Why Does a Lot of Local Chocolate Come From Davao?
Here are some fun facts you need to know about chocolates.
(SPOT.ph) There are two kinds of people in the world: Those who like chocolates and those who are wrong. We kid, of course, but if you find yourself wholeheartedly agreeing, then The Malagos Book of Chocolate (P1,500) is a must-have. Aside from telling the story of Davao-based Malagos Chocolate, the book, written by Clinton Palanca with photographs by Neal Oshima, also has some fun tidbits about chocolate that you might not have known about. We list a few of them that not only teach you something new about your favorite
We have Spain to credit for bringing chocolate to the Philippines.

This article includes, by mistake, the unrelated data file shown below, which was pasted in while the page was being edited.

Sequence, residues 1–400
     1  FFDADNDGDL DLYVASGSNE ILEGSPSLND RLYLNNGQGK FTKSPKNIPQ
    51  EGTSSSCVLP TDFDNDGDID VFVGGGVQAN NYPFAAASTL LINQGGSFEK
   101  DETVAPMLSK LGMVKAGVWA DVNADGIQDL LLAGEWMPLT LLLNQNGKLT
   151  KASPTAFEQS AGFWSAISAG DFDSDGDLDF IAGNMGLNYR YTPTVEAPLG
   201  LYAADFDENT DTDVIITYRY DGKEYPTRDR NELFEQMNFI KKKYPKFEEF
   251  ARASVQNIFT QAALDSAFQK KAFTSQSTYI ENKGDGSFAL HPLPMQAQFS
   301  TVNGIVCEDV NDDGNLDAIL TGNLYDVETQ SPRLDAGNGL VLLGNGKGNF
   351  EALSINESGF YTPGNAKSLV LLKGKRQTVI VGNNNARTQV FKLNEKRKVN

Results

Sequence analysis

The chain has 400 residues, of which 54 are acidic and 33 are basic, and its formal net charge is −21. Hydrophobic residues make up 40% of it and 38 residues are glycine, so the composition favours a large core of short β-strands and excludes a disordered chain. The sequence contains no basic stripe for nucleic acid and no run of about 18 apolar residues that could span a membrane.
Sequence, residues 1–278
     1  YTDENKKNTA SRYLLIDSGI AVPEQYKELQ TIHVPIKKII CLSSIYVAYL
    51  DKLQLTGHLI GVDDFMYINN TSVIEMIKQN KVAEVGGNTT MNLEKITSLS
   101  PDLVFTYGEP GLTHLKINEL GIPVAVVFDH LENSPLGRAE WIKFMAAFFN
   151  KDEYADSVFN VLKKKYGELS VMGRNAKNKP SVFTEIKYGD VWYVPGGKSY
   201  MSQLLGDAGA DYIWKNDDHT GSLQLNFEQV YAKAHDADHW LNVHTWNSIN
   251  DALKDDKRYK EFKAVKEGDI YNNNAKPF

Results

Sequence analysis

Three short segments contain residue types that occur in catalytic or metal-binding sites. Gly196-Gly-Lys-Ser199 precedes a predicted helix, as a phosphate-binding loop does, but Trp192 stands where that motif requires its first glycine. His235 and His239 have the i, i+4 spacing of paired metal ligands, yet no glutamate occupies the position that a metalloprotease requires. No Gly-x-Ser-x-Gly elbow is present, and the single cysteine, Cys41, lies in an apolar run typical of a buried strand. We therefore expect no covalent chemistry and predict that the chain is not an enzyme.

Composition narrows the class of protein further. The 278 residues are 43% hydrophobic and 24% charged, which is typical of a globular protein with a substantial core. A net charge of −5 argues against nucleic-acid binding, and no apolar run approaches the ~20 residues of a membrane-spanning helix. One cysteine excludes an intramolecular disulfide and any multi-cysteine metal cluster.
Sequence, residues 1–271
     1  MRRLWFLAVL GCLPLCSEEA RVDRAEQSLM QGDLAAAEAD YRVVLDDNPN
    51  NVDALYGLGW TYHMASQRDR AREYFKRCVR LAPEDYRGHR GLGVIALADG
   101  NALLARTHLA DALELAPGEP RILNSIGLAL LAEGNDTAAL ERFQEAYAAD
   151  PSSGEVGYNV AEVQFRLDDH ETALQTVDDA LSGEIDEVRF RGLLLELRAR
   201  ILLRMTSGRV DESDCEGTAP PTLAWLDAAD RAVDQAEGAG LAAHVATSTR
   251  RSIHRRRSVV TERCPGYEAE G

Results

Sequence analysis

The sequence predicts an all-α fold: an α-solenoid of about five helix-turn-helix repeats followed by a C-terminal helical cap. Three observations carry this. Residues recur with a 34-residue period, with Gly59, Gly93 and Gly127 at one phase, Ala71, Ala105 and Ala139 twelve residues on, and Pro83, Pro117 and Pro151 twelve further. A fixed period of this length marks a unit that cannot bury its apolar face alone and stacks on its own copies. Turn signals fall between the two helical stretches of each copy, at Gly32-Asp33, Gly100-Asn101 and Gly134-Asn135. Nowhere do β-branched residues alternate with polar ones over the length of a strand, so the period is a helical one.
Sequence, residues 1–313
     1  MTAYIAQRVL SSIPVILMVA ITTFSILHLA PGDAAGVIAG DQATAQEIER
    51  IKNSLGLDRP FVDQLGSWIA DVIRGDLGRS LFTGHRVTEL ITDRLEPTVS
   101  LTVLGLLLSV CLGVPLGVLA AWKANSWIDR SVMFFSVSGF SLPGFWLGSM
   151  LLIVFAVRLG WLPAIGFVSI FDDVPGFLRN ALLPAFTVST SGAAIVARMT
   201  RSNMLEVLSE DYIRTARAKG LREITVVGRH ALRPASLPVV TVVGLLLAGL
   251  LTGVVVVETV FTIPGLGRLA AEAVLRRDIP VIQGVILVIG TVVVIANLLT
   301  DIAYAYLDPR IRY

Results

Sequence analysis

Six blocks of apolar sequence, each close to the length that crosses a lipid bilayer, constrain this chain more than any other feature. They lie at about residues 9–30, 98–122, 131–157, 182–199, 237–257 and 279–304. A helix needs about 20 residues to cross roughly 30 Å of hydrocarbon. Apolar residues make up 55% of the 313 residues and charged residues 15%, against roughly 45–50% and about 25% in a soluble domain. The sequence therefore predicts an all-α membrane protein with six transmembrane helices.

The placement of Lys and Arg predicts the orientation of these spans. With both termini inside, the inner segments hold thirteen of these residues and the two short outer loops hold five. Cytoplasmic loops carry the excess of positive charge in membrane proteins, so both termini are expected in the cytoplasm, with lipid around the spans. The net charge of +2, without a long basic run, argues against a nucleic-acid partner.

Obviously, our 333 years under Spanish rule weren't always the best of times, but we can thank them for bringing the cacao tree and the habit of drinking hot chocolate to the Philippines. They were also the ones who taught Filipinos to create
Not all chocolates are created equally
While we love all kinds of chocolate, not all chocolates are created equally. Most accessible and affordable chocolate bars are made using cocoa powder that is then mixed with palm or sunflower oil. "Real" chocolate is made using only cocoa butter for a richer and smoother taste and texture. Bean-to-bar chocolate uses beans that come only from a specific region—for example, Malagos Chocolate uses only cacao beans from their farm in Davao to make their chocolate.
Cacao trees can only grow in very specific locations
Cacao trees can be very finicky—they can only grow either 20 degrees north or 20 degrees south of the equator. These specific regions include Central America, where the plant was first cultivated, and southern regions of Visayas and Mindanao, including Davao, where a lot of local chocolatiers get their beans.
For more chocolate facts and chocolate-based recipes, you can buy The Malagos Book of Chocolates online.